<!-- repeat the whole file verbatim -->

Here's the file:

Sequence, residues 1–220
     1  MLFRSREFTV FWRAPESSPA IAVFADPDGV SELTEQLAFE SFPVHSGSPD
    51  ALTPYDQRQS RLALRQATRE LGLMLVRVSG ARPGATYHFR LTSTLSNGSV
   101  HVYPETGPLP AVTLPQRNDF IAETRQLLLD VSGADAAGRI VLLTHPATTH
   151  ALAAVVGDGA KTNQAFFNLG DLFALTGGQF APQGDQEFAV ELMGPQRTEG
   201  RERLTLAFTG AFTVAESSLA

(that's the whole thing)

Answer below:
Sequence, residues 1–220
     1  MLFRSREFTV FWRAPESSPA IAVFADPDGV SELTEQLAFE SFPVHSGSPD
    51  ALTPYDQRQS RLALRQATRE LGLMLVRVSG ARPGATYHFR LTSTLSNGSV
   101  HVYPETGPLP AVTLPQRNDF IAETRQLLLD VSGADAAGRI VLLTHPATTH
   151  ALAAVVGDGA KTNQAFFNLG DLFALTGGQF APQGDQEFAV ELMGPQRTEG
   201  RERLTLAFTG AFTVAESSLA